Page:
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We're calling the Suzuki Sidekick JLX 4WD small because it has the smallest wheelbase of any four-door on the market. We found it to be a great value-ours had a sticker price of $15,429 with standard features such as power steering, cruise control, rear wheel anti-lock brakes, a security system, a locking spare tire case and power windows and locks. It is one of the more complete four-door four wheelers we've sampled.
Another big advantage is its fuel economy, with EPA numbers of 23 mpg city/26 mpg highway. The downside here is performance. The 1.6-liter 95-hp four has to make man noisy revolutions to get this vehicle going. Even then, "go" seems on the meager side.
The Suzuki four-door Sidekick JLX 4WD is good-looking. Resemblances to the two-door Sidekick and its Geo Tracker cousin (also made by Suzuki) are present in the flared fenders, body color mirrors, black bodyside and rocker moldings and large si 'de glass. The profile is somewhat upright but perky-looking. Our Sidekick was in a Red Pearl coat, which was set off nicely by the black trim. The front and rear bumpers are body color capped by black. They look nice but could be vulnerable o marring in off-road situations. chromed wheels are standard and aluminum sport wheels an option. The rear cargo compartment is accessed by a full-length door opening toward the curbside that carries the securely mounted spare outside. A locking hard case is included in the JLX model. There are front and rear tow hooks, a skid plate under the fuel tank and a locking fuel filler door with remote release.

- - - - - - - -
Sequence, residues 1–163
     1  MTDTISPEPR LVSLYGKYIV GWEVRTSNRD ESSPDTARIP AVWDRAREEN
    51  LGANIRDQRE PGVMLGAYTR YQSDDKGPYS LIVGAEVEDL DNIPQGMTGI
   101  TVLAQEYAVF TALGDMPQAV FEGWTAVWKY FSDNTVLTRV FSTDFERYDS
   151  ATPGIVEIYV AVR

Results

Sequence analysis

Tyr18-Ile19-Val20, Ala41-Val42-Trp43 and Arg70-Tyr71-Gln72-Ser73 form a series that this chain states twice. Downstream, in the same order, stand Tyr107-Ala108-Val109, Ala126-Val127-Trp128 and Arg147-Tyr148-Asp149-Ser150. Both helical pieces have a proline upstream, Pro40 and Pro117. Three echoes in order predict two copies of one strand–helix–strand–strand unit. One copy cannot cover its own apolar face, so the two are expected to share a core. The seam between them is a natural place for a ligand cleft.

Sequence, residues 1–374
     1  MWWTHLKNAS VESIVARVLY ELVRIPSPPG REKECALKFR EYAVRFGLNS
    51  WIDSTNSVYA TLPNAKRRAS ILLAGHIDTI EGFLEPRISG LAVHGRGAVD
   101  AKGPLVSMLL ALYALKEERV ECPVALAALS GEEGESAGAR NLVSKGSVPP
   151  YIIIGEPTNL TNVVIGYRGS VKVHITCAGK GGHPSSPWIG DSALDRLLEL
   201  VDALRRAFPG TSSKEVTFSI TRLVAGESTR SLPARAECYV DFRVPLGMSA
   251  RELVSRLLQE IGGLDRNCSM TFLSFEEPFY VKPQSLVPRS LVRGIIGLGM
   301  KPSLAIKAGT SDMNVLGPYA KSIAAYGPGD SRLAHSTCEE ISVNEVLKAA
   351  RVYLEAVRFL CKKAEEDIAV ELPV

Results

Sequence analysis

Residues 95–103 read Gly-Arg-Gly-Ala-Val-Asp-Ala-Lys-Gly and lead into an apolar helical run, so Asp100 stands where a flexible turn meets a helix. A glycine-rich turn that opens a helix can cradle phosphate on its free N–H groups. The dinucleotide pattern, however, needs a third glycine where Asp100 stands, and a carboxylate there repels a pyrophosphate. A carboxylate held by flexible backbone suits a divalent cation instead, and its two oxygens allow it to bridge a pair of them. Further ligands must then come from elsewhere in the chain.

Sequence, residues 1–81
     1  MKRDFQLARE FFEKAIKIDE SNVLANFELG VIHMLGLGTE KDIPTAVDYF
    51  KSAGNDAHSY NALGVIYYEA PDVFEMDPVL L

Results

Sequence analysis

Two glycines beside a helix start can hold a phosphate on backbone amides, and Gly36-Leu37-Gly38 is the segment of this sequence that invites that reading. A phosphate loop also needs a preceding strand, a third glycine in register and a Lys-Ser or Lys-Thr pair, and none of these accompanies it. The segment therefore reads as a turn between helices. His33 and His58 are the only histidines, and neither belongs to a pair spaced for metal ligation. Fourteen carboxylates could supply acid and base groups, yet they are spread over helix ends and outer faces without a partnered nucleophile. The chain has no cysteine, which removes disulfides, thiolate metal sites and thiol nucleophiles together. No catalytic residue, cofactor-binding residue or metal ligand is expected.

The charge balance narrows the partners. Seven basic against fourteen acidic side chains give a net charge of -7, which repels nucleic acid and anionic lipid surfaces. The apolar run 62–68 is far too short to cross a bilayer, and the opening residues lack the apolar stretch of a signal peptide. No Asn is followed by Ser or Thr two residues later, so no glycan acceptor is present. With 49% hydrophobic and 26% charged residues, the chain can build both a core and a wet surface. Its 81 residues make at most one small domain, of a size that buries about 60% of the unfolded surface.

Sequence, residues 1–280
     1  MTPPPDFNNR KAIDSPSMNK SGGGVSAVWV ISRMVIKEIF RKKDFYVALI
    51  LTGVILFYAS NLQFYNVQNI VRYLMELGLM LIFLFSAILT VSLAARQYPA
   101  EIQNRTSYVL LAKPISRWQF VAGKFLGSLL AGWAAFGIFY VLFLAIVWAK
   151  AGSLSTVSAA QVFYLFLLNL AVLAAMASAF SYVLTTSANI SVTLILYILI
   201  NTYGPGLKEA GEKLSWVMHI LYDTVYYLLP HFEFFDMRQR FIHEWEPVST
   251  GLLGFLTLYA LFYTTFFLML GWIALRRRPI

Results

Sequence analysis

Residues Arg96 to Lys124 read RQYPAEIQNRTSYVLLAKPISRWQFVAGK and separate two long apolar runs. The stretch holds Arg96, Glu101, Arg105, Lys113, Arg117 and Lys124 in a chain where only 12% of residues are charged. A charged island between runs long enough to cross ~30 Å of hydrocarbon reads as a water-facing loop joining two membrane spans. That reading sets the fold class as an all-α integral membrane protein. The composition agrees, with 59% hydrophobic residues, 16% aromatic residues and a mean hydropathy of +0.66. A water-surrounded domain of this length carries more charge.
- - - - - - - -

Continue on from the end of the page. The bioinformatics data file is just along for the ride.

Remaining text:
The Japanese do an excellent job of outfitting the cabins of their 4WD vehicles. Our JLX model had standard deluxe cloth seat trim and was tough and handsome. Front sport buckets seats are standard, and although they don't get any high marks for support, they're comfortable. The rear seat is the popular 60/40 split-back bench for seating a passenger or two and accommodating long cargo.